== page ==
Why Do We Visualise Data, and Why is it Important?

Why Do We Visualise Data, and Why is it Important?
Photo adapted from Bogdan Dreava/ Canva

Here I have a table of fictitious data of visits to a website broken down by visitors' devices. If I ask you to describe what you see in the data, such as which device is the most popular? Describe the device usage trend over time; you'll agree with me that it's hard to tell, right?

Below is the same data visualised in a line chart. We can now see that most visits are done on desktop and mobile. From Oct 2019 to Nov 2019, there was an accelerated number of desktop and mobile device visits.

While a table is excellent at showing precise numbers, it is difficult for our brains to make sense of it. What I have shown is a small data set. Imagine trying to make sense of a table with thousands and millions of data points- we would be completely overwhelmed!

We live in a time where the amount of data is growing exponentially. According to the World Economic Forum, it is estimated that the world produces 2.5 quintillion bytes of data daily (that's 2.5 followed by a staggering 18 zeros!), and 90% of all data has been created in the last two years. These stats were reported in 2017. That was five years ago; I'm having a hard time fathoming the current data production rate, are you?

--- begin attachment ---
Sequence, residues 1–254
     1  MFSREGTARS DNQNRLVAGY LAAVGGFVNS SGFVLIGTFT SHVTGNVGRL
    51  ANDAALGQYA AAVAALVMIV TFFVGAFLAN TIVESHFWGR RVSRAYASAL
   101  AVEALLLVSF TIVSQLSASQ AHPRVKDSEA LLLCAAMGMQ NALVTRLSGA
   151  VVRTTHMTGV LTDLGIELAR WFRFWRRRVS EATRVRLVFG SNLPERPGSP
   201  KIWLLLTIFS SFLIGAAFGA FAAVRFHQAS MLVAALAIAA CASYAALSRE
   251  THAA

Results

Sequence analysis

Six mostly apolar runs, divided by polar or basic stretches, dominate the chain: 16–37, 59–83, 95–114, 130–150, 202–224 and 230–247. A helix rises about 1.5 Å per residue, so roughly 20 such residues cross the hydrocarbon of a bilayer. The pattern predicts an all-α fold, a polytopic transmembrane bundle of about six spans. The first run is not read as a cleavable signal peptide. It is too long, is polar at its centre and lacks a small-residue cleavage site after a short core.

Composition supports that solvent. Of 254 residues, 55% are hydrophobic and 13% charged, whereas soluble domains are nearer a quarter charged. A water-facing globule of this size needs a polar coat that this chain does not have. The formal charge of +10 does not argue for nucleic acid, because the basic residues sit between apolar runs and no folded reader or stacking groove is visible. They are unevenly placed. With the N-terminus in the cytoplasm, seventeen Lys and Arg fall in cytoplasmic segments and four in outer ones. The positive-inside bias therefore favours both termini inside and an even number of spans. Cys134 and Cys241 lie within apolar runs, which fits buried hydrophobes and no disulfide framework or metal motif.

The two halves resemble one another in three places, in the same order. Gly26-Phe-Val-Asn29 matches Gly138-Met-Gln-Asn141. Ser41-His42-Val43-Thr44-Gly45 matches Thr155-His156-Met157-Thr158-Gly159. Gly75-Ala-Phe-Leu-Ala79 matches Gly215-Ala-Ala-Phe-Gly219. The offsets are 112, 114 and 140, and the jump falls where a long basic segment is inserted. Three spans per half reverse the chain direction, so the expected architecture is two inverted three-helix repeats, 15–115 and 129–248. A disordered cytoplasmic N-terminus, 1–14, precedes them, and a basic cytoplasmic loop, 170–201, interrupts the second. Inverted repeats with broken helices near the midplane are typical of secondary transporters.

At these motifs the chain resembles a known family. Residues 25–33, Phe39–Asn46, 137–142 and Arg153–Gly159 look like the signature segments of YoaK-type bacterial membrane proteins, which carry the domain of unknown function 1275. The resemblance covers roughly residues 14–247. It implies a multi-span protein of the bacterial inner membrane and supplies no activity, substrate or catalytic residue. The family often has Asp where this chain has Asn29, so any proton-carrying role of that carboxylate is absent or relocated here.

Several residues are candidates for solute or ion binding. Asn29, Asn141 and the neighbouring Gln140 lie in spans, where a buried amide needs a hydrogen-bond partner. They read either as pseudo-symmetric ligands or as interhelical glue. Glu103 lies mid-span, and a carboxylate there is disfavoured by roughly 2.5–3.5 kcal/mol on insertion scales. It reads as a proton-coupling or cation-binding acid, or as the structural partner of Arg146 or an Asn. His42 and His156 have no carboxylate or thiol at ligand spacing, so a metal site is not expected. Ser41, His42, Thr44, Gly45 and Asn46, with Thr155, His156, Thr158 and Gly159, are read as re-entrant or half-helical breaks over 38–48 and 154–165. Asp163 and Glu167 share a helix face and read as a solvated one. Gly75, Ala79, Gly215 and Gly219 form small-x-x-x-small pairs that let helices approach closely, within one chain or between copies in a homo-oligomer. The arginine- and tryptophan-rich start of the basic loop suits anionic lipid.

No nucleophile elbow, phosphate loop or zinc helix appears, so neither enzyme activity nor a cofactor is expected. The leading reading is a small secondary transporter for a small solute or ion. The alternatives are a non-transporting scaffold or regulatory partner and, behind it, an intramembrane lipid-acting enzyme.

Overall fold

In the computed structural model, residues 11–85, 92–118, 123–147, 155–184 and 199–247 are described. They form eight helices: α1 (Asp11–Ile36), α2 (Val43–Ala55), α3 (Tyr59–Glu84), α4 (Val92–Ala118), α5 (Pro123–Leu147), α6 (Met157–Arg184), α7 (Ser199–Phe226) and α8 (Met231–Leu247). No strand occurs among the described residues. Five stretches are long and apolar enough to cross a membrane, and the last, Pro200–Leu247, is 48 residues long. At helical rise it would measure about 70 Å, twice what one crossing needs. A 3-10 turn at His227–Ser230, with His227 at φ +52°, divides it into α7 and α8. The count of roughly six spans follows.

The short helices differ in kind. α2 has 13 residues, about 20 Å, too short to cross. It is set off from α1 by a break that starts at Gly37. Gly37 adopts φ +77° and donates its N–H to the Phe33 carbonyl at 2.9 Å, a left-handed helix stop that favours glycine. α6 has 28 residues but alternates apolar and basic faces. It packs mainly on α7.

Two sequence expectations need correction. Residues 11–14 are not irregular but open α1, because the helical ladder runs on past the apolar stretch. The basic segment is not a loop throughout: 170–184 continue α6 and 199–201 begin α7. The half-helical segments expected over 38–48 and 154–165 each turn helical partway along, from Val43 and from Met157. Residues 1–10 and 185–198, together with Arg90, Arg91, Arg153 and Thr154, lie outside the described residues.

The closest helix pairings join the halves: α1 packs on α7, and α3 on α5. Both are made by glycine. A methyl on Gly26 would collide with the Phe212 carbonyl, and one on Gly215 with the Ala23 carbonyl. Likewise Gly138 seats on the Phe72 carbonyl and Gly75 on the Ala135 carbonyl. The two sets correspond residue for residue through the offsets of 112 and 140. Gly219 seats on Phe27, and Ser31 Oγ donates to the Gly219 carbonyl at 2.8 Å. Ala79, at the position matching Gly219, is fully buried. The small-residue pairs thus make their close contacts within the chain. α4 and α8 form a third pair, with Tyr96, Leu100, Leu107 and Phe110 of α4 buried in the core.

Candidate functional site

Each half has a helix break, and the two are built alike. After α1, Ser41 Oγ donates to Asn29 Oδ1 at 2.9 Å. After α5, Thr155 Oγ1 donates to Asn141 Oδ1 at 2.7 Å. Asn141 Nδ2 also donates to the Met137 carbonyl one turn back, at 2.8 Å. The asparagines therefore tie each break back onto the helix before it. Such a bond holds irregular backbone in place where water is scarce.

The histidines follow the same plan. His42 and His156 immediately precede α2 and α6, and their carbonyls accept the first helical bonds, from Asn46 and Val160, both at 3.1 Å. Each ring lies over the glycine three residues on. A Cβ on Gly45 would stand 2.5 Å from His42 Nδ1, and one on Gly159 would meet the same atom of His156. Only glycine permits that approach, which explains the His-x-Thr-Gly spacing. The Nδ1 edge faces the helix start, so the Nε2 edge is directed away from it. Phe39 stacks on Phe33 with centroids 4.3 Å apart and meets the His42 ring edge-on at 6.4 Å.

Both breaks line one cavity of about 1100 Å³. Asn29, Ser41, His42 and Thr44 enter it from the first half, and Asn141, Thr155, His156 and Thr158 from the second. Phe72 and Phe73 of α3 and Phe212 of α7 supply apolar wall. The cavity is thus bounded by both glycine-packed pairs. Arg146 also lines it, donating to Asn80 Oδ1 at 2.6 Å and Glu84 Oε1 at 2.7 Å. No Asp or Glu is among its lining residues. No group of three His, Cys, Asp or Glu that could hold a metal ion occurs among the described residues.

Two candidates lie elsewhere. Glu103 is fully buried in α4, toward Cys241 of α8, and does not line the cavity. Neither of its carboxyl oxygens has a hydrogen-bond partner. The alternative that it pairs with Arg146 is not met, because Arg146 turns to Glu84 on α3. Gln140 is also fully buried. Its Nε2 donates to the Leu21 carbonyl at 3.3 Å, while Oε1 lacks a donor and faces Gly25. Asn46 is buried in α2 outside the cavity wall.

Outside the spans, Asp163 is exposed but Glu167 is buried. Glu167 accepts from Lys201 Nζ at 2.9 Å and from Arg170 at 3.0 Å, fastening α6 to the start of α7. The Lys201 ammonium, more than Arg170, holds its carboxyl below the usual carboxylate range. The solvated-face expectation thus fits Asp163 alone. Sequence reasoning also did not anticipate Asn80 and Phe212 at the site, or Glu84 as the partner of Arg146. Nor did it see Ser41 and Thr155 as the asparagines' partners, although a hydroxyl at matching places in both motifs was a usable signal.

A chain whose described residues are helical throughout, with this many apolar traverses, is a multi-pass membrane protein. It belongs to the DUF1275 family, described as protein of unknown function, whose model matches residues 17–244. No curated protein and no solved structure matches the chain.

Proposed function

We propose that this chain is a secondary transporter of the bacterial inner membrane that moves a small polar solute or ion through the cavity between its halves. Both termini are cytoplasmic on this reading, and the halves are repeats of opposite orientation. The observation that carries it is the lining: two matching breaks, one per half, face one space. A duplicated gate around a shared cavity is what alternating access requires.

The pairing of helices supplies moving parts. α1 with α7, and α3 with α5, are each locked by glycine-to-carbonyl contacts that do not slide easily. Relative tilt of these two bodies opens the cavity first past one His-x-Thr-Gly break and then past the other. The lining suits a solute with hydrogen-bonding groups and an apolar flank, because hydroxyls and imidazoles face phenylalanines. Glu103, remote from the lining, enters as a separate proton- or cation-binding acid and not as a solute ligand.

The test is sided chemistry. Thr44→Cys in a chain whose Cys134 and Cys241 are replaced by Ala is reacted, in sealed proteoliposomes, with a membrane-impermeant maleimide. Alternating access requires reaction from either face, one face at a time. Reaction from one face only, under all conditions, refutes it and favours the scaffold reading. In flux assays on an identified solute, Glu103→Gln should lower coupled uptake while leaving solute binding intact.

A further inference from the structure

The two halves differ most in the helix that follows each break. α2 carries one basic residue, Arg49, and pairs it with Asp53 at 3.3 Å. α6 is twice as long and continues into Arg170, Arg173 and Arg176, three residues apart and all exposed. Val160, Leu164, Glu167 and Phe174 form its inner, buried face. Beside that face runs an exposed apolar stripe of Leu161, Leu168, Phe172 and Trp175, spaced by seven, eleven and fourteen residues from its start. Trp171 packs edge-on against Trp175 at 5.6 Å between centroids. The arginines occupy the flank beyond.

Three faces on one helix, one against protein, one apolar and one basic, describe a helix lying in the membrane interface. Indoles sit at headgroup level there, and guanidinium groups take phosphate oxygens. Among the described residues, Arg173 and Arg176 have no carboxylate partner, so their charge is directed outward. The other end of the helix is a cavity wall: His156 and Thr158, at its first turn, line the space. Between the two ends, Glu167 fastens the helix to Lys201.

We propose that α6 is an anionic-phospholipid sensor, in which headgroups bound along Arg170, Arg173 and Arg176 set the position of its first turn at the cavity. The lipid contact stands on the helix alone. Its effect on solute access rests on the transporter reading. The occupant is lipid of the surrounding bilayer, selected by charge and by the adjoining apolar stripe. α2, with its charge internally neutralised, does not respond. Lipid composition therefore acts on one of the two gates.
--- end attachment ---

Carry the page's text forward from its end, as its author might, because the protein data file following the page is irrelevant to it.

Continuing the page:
If the number I've quoted above sounds gibberish to you, this infographic by Adeptia might help put things in perspective.

1 quintillion bytes is 1 exabyte, so 2.5 quintillion bytes is 2.5 x 1,600,000,000,000 books, which equals 4,000,000,000,000 books!!!

Using my simple example of the Views by Device dataset, we established that our brain is ill-equipped to devour raw numbers and see patterns and insights. In a world of growing data, data visualisation has become increasingly essential.

Visualisation enables companies to make faster decisions as it aids in understanding and consuming vast quantities of data. With visualisation, you can easily spot correlations in relationships of independent variables, such as time spent running vs body fat. Visualisation also lets you see trends over time and help you make predictions. It's also great for showing differences or similarities between values.

Furthermore, it can provide insight that traditional descriptive statics cannot. A great example is the famous Anscombe's Quartet, constructed by statistician Francis Anscombe in 1973. Anscombe's quartet refers to a group of four data sets with nearly identical descriptive statistics. However, they have very different distributions and appear very different when graphed. This demonstrates that nuances in data, such as outliers, dispersion of data etc., can't be surfaced without visualisation.

I hope you now understand the value of data visualisation. We need graphs and charts to communicate data findings and make sense of data. It is vital for gaining insights and enabling companies to make better and faster decisions.